The Mandrel

I use the spring stock from surveyor flag poles (compliments of “Dial before you dig”). They are .068″ diameter and work well as a polishing mandrel because they are thin enough in diameter to be flexible, which is beneficial for times you can’t get straight on into a chamber. I cut them to lengths suitable for the task at hand (I have various mandrels ranging from 2″ to 6″). For this gun I needed a mandrel length of 6″ to 6 1/2″ so that the rotary tool chuck would be clear of the receiver and to get the mandrel straight as possible in-line with the chamber. Having the polishing mandrel straight in line with the chamber is best. Polishing the chamber with the mandrel on an angle will oval the chamber (the greater the angle the greater the ovalling).

I was able to polish the chamber straight in line because the parts in the receiver were all removed for cleaning. If the parts were all assembled the hammer would be slightly in the way as you can see in the photo “Polishing the Chamber” in which the rotary tool end of the mandrel needed to be raised slightly above the receiver. The parts will more likely than not be assembled in this type of gun when the chamber is polished, thus the photos as such.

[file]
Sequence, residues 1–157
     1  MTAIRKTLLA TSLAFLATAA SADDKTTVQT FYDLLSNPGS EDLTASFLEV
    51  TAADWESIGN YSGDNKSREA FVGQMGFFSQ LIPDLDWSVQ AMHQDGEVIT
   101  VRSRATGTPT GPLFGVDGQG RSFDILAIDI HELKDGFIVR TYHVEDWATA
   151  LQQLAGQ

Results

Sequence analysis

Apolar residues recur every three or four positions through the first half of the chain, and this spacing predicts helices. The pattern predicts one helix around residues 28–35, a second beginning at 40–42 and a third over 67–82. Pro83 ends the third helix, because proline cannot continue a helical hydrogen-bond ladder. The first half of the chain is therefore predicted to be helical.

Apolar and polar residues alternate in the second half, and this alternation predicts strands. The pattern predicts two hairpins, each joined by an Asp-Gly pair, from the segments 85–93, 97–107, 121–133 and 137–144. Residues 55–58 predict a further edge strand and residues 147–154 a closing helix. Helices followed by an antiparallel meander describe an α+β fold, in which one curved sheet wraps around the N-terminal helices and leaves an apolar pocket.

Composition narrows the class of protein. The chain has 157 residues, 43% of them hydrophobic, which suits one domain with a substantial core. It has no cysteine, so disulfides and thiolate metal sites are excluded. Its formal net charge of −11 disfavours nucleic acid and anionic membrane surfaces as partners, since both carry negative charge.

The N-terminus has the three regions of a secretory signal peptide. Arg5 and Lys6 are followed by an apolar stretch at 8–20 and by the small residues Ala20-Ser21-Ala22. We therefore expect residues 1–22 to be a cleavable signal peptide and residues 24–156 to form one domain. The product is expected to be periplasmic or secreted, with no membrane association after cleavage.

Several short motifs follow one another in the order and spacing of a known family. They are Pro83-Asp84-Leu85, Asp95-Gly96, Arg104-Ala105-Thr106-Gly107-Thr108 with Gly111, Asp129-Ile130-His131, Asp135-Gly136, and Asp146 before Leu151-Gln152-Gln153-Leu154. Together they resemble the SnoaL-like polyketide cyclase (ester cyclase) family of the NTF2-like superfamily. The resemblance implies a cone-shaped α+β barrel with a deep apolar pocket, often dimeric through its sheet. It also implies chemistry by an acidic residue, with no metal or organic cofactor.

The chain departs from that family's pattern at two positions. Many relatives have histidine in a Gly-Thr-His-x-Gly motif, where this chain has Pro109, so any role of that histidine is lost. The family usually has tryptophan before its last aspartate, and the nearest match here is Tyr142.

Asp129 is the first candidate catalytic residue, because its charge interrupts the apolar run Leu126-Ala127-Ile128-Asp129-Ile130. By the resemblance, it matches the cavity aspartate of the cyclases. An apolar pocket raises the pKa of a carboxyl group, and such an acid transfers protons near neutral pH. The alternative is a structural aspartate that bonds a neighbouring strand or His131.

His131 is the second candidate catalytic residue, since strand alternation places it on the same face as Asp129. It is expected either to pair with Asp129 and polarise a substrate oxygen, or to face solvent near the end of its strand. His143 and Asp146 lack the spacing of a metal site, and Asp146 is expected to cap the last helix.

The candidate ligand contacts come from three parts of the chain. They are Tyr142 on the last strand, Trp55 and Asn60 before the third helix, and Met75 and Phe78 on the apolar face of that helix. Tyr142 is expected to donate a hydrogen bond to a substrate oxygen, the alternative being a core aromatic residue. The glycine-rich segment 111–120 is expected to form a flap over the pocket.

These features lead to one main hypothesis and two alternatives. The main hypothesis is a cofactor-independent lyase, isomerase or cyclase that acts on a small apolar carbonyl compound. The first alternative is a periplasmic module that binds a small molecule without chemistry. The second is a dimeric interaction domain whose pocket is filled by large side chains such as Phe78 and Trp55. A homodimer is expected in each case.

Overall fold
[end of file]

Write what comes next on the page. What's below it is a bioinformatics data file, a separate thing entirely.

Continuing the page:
I polish the entire mandrel (in particular the end with the sandpaper on it that is inserted into the chamber). Then, if the tape unsticks from the mandrel the end of the mandrel will not damage the chamber. If the tip is sharp and contacts the chamber wall (or the rifling) things can get scratched, especially while it’s spinning around. Polishing the whole length of the mandrel removes any rough or sharp areas, removing the likelihood of scratching any part of the gun (the chamber in particular) it may come in contact with during the polishing process.